YOU as an employee are not drafted -- you can control where you work
YOU do not have to grant your employer an anti-trust exemption that allows them exercise monopoly power in the product market



Since: Mar 22, 2008
Posted on: July 20, 2011 1:43 pm
 

NBA Lockout: Where did the money go?

Let's see what do company's do when they are losing money. That is a fairly safe question considering the economy right now. They get rid of bad investments, keeping only the money making pieces of their portfolio. Some company's lay off their workers until they are profitable. Other company's ask their workers to take pay cuts until they are profitable once again. If I am a teacher asked to take a pay cut (which I am not) do I have the right to ask the Governor to show me the books? The owner decides on their own acceptable profitability. The players can choose whether to play in the NBA or not. The owners are trying to get the most profitability and put the best team on the floor, which generally leads to higher profits. Unfortunately not every owner can get the best players. So they try in vain and over pay for the mediocre talent they can get. The players are trying to.......get the most money. They care little about anyone other than themselves and their families. I'll side with an owner trying to give me something of value to watch at the end of a hard day. As for the players, how about diving for a ball, work on your three point shot, try to block something, and lay off the doughnuts.



Since: Feb 3, 2009
Posted on: July 19, 2011 9:51 pm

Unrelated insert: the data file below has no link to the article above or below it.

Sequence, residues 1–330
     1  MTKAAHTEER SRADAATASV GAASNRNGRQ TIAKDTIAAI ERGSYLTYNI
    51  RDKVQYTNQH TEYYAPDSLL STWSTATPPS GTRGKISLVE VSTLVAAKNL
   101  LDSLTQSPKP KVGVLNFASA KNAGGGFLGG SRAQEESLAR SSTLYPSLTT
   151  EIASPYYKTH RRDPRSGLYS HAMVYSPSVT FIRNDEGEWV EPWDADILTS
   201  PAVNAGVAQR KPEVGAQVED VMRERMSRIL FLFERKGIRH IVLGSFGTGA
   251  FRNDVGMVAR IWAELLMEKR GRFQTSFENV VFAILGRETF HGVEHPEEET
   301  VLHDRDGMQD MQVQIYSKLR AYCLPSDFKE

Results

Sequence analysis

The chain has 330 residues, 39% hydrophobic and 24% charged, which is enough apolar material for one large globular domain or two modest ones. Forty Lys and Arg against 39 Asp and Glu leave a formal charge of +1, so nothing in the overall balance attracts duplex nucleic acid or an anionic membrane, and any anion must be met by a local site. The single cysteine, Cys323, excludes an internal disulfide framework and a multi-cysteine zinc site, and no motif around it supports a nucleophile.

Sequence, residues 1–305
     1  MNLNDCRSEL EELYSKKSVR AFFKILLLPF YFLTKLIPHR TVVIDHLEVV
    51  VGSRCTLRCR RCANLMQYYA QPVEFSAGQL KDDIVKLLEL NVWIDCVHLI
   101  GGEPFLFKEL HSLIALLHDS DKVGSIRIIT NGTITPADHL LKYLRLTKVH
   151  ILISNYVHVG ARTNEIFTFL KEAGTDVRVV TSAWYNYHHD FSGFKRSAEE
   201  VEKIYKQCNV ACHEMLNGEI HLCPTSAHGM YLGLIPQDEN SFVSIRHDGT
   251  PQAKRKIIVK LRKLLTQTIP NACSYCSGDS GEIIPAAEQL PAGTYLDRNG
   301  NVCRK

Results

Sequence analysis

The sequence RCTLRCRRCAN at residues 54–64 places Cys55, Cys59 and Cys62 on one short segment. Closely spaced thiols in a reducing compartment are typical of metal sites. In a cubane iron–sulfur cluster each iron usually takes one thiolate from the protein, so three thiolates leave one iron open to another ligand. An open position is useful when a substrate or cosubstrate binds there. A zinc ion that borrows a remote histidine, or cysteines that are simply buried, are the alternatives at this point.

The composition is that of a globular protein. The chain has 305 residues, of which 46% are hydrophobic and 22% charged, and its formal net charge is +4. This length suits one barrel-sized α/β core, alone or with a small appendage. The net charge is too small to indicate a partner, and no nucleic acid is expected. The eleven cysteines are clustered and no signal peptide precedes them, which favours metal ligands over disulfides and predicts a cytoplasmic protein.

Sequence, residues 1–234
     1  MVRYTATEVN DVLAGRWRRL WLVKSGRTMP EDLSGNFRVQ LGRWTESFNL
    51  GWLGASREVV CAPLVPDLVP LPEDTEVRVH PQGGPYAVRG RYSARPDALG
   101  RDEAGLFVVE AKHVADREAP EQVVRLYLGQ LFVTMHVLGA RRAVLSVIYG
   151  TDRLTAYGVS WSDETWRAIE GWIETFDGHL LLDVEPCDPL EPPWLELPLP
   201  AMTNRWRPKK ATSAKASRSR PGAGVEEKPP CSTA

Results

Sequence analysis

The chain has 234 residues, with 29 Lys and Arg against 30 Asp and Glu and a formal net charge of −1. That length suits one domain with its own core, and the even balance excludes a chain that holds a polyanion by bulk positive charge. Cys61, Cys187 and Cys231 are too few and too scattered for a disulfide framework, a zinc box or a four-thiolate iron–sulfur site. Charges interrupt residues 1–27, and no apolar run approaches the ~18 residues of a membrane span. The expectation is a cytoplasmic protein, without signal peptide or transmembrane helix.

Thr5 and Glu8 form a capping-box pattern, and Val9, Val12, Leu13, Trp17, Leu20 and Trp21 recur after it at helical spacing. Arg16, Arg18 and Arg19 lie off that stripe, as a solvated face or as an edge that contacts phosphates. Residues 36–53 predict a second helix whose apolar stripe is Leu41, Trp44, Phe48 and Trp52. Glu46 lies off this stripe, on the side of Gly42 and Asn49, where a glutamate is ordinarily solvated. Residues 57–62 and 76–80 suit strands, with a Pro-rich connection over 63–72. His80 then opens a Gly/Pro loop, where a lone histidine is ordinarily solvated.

NBA Lockout: Where did the money go?

I know what doesn't generate money.  Having teams in dust bowl towns like yours Royce.  Breaking a small profit in a terrible TV market doesn't help the NBA at all. 



Since: Jul 18, 2011
Posted on: July 19, 2011 2:57 pm
 

NBA Lockout: Where did the money go?

@Redsfan1507

The players currently make more than the market will bear. It's a business, and a business doesn't have to go broke to close, but it's the quickest way.

That's Republican logic. The problem is not the salaries (fixed expense) it's the variable expenses and OTHER. What good is your plan if you don't account for the REAL problems?

The owners can not expect to be protected from expenses that have increased on a global economic scale like plane flights, fuel, acommodations, food, etc.




Since: Jul 19, 2011
Posted on: July 19, 2011 2:46 pm
 

NBA Lockout: Where did the money go?

This is crazy.  I normally side with the owners thinking they should get a return on investment.  But if the owners won't open their books, they shouldn't make claims like that.   How can anyone be expected to believe Stern or the owners?  Obviously, they don't have to open their books.  But then no one should be expected to believe them either.  We lost 300 million.  Just believe us.  Please!
  Obviously, they don't have any reason to lie or misrepresent the numbers.  Unless, they are trying to get money back from the players.  Oh yeah, that is what they are trying to do.  I guess they do have reason to overstate losses.

I don't care.  I think they all make too much money.  I just think the owners and Stern should just shut up.  If you're not going to show your cards, don't make unsupported claims.  If your going to make such claims, then show some evidence to back it up.  The owners want to have their cake and eat it too.



Since: Jul 18, 2011
Posted on: July 19, 2011 2:19 pm
 

NBA Lockout: Where did the money go?

No offense to College Basketball fans.... but anybody who says NCAA is better than the NBA does not know basketball.

NCAA = No Way
1. Players skillset = Supremely lacking
2. Glorified 3-point contest. The hottest team usually advances in the tournament
3. Very few post players